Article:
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Mo Bro DarrenImage by: Movember
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28 October 2020

Seeking support in isolation

Mo Bro
Darren Viegas
5 minutes read time

On May 26th 2020, with the province of Ontario in a state of emergency, I anxiously watched my phone for my GP’s call. I had just completed a scrotal ultrasound – things didn’t feel right – and a Radiologist was rushed into the room. My GP called and frantically told me to head into Mount Sinai Hospital, uttering the words that will echo in my mind for the remainder of my life:

" Darren, I’m so sorry – I didn’t want to tell you this on the phone. It is cancer. "

Cancer. The word rung out in my head as the mental boundaries between my worst fears and reality collapsed into a new state of shock. Cancer seems like an inevitability nowadays - however, I always pictured that I would be diagnosed in later life at a Hospital. Instead, I was a 26-year-old man alone in his apartment, in the midst of a global pandemic.

I faced a whirlwind of morbid dread, confusion, and sadness in the next two weeks. What I thought made my experience unique was the isolation that the quarantine created. No one was there to hug me or wipe away my tears when I received the bad news. I attended all my appointments alone and sat by myself in a deserted waiting room for the biggest surgery of my life. On top of it all, there was underlying pressure to be a man – carrying forward with stoic reserve in the face of death – coupled with the embarrassment of speaking about a cancer related to the male genitalia. I soon found out that although the circumstances may have been abnormal, my experience was not all that unique.

Through all the intense isolation, stigma, and fear, the need still existed to confide in someone that could understand what I was experiencing. The doctors spoke professionally to me and quoted me all of the reassuring mortality statistics, yet I sought to be understood as more than a statistic. I owe an immense debt of gratitude to my close friends and family, but testicular cancer is an obscure cancer. In a panicked last-ditch effort to find someone who could help me navigate what was happening to me and how I felt, I made a post on Reddit. I frantically messaged those who said they went through a cancer experience and told them my surgery was scheduled for June 4th.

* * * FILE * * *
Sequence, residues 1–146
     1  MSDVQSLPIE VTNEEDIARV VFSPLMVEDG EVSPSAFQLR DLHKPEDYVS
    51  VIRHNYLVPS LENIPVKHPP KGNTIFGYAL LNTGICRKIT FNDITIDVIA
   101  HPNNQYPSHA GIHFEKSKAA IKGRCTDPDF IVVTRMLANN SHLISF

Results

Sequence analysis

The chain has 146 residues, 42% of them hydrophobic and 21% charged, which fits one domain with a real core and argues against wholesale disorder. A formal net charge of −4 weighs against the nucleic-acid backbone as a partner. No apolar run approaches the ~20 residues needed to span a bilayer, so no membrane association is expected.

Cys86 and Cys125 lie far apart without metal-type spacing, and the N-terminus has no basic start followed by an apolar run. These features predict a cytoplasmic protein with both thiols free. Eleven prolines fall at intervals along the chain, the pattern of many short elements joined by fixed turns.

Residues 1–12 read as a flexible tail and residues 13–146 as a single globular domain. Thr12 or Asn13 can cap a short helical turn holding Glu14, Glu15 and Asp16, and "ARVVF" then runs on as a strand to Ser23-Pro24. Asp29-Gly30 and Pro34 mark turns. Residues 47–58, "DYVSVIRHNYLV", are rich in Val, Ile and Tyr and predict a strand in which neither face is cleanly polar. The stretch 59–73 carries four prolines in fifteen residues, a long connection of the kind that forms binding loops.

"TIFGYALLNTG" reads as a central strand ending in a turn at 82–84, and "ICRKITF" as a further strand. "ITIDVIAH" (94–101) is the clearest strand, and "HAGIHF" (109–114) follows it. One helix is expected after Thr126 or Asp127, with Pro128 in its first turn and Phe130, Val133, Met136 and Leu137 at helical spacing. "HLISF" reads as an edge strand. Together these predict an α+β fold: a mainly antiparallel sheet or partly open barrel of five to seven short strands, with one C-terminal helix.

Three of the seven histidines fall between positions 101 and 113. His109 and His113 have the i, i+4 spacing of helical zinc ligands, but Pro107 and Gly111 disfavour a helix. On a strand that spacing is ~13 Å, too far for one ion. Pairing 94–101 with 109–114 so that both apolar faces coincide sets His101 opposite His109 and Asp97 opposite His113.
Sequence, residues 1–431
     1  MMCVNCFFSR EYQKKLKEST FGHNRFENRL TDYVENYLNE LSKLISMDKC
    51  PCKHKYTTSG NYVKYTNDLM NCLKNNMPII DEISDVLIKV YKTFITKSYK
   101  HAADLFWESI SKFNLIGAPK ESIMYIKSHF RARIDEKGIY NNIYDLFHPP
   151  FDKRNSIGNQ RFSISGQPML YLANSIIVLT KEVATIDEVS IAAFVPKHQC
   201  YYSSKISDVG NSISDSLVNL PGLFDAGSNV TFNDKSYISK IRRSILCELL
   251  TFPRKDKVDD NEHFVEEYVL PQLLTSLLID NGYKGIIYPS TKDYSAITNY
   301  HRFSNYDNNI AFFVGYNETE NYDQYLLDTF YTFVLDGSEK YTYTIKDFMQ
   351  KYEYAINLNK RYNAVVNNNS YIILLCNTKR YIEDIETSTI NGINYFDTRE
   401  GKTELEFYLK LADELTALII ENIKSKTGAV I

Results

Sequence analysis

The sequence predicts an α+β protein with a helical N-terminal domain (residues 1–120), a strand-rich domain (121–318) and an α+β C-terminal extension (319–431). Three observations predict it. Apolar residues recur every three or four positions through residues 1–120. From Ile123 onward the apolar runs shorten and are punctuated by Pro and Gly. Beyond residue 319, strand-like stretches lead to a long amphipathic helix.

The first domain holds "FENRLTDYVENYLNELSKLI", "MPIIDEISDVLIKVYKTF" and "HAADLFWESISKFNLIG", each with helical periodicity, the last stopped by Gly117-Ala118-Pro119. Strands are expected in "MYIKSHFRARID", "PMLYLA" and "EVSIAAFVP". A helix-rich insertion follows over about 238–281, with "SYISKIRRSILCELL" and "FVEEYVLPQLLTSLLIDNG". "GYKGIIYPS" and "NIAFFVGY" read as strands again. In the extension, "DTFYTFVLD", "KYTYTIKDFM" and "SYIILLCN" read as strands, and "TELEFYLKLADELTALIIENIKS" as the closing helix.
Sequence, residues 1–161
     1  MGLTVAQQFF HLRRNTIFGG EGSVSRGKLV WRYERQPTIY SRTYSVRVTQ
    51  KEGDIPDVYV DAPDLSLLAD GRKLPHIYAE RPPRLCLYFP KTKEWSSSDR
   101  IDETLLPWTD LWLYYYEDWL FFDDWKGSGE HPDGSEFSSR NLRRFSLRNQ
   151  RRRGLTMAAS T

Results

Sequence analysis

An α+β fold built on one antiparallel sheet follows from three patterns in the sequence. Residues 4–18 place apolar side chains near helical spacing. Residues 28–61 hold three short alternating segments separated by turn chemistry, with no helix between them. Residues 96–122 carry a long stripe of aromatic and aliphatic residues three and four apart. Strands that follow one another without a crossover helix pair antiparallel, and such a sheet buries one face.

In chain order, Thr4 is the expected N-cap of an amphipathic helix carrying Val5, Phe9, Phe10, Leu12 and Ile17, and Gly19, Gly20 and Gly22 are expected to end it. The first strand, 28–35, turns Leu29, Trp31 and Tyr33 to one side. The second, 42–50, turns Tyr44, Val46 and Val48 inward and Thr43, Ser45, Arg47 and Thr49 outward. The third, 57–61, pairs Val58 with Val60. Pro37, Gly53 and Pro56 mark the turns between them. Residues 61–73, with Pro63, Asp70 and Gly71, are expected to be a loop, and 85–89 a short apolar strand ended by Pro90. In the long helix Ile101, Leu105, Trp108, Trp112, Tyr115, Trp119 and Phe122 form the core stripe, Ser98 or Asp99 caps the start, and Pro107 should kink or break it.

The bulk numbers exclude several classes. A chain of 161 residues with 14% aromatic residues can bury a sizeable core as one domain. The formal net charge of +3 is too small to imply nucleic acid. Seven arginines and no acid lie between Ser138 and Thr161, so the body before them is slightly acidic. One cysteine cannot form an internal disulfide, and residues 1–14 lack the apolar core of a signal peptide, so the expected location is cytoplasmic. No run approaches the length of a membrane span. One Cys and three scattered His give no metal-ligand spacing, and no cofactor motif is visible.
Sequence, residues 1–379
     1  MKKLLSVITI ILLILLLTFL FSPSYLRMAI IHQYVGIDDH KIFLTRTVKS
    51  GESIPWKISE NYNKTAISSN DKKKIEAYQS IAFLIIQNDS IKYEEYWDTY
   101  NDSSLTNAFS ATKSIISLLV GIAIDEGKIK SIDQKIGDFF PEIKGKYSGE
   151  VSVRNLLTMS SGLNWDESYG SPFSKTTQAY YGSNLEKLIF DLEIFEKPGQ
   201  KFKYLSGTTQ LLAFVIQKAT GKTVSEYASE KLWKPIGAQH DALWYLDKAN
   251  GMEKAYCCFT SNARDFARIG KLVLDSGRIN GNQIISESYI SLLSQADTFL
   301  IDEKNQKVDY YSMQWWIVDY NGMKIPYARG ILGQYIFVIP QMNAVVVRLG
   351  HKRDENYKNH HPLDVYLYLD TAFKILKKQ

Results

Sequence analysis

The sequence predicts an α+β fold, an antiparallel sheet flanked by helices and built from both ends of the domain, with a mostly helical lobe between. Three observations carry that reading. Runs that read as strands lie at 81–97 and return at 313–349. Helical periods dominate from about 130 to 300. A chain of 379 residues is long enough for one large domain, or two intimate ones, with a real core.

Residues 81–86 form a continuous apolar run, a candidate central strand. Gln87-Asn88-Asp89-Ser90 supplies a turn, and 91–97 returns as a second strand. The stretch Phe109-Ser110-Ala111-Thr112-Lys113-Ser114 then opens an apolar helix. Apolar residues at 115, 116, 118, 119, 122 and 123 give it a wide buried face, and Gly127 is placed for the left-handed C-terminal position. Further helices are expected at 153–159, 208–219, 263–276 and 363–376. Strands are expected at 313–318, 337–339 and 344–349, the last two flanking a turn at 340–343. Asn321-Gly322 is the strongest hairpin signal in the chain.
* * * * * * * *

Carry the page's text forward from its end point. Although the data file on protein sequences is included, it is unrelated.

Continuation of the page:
I was bedridden in pain and anxious on June 5th when I got an unexpected message from an anonymous Redditor. He asked me how surgery went and when my pathology results were due. I’ll never forget the end of his message;

“I’m here for you”.

We bonded anonymously over our shared cancer path, our failed romances in the midst of diagnosis, and facing our own mortality as young men. The unexpected solace I found in a stranger who travelled the same path provided reassurance I could have never imagined. When I thanked my anonymous confidant, he told me that one year ago he was alone and terrified and an internet stranger did the same for him. He encouraged me to pay it forward. I wrote this article as a portion of this debt to my anonymous friend.

Soon after, I was referred to survivors through family, friends, and the internet. What bothered me was the pervasive loneliness that almost every survivor described. Although Testicular Cancer is mainly a young man’s cancer, even family men vented on their inability or unwillingness to find someone to confide in.It seemed as if men didn’t need a global pandemic to enforce a distance - physical or emotional - from others while they were suffering. Rather, stigma and societal pressure would do that for them.

Many of us as young men fight for our independence and self-reliance – the first casualties in a fight with cancer; one of the hardest facts to accept for able-bodied men. Yet, asking for help in our vulnerable state is when we test the true capacity of our own strength and fully appreciate the strength of those closest to us. Knowing the end of our own capabilities and when to reach out for help is a strength few of us can say we have. Yet, you may find after the resilience you’ve built through the isolation and hardships of 2020, asking for help is a strength now well within your reach.

Please reach out for support, whether that be: a loved one, mental health professional, or online community. As 2020 has shown us, human connection does not stop at a six-foot distance. Someone who cares is just a text, Zoom call, or forum board post away – ready to echo the same sentiment that a wise man once said to me…I’m here for you.

Here is a list of online and in-person resources to find support in dealing with cancer during the Pandemic:



  • Hospital PFAC – Ask your doctor for the members of your hospital’s Patient and Family Advisors Committee (PFAC). The board of Patient and Family Advisors may contain cancer survivors
  • Hospital Mental Health Resources – Your hospital will likely have a psychologist on staff for the Oncology department
  • WellSpring – Community based centres offering free programs and support for cancer patients
  • Referrals of Friends & Family - Tell the news to your family and friends when you are ready. Afterwards, you may want to ask them if they know of anyone who has been diagnosed